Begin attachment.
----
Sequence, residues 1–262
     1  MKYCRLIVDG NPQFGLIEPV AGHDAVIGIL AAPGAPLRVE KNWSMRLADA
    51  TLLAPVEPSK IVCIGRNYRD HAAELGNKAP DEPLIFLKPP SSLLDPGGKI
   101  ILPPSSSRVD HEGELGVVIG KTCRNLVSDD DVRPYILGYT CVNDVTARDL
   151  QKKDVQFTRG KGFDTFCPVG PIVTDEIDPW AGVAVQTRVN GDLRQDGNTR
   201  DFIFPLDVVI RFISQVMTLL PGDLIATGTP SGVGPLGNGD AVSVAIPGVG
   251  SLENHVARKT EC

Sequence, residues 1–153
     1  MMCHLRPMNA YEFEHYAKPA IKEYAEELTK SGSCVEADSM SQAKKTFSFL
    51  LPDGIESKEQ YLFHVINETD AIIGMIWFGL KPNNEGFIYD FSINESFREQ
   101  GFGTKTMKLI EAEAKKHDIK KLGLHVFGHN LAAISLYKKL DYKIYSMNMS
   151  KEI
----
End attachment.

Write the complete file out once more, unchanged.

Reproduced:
Sequence, residues 1–262
     1  MKYCRLIVDG NPQFGLIEPV AGHDAVIGIL AAPGAPLRVE KNWSMRLADA
    51  TLLAPVEPSK IVCIGRNYRD HAAELGNKAP DEPLIFLKPP SSLLDPGGKI
   101  ILPPSSSRVD HEGELGVVIG KTCRNLVSDD DVRPYILGYT CVNDVTARDL
   151  QKKDVQFTRG KGFDTFCPVG PIVTDEIDPW AGVAVQTRVN GDLRQDGNTR
   201  DFIFPLDVVI RFISQVMTLL PGDLIATGTP SGVGPLGNGD AVSVAIPGVG
   251  SLENHVARKT EC

Sequence, residues 1–153
     1  MMCHLRPMNA YEFEHYAKPA IKEYAEELTK SGSCVEADSM SQAKKTFSFL
    51  LPDGIESKEQ YLFHVINETD AIIGMIWFGL KPNNEGFIYD FSINESFREQ
   101  GFGTKTMKLI EAEAKKHDIK KLGLHVFGHN LAAISLYKKL DYKIYSMNMS
   151  KEI